Bangladesh is currently the subject of the world's largest mass arsenic poisoning in history. Groundwater throughout Bangladesh and West Bengal is contaminated with naturally occurring arsenic from the alluvial and deltaic sediments that form the region's aquifers. It has been estimated that 75 million people are at risk of developing health effects associated with the ingestion of arsenic. This project focuses on the use of microorganisms such as bacteria and algae to remove arsenic from water. Arsenic in the arsenite form was used in the studies. Experiments were conducted with a common alga and wastewater bacteria. A common green algae Scenedesmus abundans was used for determining arsenic uptake in batch experiments. Results of the experiments indicated that the algae biosorption could be modeled by the conventional Langmuir isotherm model. Algae morphology studies indicated that the algae cells were impacted due to the presence of arsenic as evidenced by clumping or loss of cell clusters. The wastewater bacteria also were capable of high percent of arsenic removal. Results indicate that microbial uptake of arsenic may be a viable method of pretreatment of arsenic contaminated water. However algae and sludge disposal would pose a problem and will have to be dealt with accordingly.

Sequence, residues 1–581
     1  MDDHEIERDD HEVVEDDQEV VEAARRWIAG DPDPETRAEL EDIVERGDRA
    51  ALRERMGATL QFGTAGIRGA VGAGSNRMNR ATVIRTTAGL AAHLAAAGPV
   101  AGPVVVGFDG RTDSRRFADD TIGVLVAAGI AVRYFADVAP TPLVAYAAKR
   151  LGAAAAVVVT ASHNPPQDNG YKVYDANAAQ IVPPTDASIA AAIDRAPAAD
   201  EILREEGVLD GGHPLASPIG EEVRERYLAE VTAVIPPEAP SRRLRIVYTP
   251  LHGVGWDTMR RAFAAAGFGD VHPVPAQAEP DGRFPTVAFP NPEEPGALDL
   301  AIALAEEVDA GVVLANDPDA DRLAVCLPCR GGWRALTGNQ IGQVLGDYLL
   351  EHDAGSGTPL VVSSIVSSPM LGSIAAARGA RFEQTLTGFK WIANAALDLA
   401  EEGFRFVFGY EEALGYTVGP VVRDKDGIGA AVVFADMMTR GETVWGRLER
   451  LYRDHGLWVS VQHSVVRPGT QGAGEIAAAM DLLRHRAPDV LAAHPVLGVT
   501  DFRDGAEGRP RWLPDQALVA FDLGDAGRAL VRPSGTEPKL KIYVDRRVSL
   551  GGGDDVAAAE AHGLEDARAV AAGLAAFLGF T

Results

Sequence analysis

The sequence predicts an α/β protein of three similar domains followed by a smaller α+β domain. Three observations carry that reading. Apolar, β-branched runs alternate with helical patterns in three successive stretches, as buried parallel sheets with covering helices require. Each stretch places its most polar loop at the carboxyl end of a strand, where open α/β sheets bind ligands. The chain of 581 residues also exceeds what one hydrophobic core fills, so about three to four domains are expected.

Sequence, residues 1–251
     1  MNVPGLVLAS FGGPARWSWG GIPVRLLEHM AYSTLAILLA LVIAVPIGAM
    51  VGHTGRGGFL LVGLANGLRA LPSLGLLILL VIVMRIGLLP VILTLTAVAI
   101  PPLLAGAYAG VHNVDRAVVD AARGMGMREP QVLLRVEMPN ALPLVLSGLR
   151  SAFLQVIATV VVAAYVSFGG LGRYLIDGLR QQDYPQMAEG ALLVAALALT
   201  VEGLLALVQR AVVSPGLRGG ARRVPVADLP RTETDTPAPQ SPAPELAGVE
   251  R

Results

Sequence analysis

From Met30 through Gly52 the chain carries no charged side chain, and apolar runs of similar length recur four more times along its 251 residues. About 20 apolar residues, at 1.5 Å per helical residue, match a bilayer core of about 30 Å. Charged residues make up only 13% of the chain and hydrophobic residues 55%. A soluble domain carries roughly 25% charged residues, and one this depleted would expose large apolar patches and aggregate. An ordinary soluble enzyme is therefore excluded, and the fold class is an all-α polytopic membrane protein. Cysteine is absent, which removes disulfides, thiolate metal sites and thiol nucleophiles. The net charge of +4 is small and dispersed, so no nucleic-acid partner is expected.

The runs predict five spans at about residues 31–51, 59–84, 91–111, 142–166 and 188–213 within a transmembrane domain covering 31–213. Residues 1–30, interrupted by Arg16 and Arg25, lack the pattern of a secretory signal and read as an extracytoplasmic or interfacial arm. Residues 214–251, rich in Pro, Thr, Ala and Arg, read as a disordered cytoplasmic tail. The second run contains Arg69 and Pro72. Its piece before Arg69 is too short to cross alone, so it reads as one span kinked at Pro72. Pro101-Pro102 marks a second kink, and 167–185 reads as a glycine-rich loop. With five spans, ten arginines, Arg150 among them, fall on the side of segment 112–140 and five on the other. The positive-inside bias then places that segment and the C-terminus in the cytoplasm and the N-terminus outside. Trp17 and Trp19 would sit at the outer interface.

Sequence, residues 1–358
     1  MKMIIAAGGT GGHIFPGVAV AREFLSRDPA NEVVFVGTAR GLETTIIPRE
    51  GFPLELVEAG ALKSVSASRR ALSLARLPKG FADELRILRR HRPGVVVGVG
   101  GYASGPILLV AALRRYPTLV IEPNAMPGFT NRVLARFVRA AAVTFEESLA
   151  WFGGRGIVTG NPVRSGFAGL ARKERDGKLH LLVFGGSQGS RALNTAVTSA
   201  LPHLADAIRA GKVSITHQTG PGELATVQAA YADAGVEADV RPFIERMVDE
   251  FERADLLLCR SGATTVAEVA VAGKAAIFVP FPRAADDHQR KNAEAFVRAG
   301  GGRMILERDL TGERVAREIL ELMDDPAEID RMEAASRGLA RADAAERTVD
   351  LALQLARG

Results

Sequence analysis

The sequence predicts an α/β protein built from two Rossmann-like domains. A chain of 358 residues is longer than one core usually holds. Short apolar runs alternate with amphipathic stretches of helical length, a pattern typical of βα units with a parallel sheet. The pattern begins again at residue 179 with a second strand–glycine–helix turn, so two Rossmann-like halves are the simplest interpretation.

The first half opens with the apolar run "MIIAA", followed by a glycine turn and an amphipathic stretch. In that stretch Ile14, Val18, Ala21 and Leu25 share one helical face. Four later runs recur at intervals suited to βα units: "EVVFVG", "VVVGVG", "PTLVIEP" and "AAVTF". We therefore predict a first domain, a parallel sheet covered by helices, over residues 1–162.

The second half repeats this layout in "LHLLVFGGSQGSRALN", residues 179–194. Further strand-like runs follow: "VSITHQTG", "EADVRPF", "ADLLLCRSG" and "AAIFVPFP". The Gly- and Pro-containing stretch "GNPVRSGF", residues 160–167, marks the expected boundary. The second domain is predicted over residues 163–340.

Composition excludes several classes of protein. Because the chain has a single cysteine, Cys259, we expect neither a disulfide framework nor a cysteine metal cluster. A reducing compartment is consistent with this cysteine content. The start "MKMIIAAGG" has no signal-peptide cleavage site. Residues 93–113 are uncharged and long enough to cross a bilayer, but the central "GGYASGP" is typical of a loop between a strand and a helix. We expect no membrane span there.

All Science Journal Classification (ASJC) codes
- Water Science and Technology
- Earth-Surface Processes
- Earth and Planetary Sciences(all)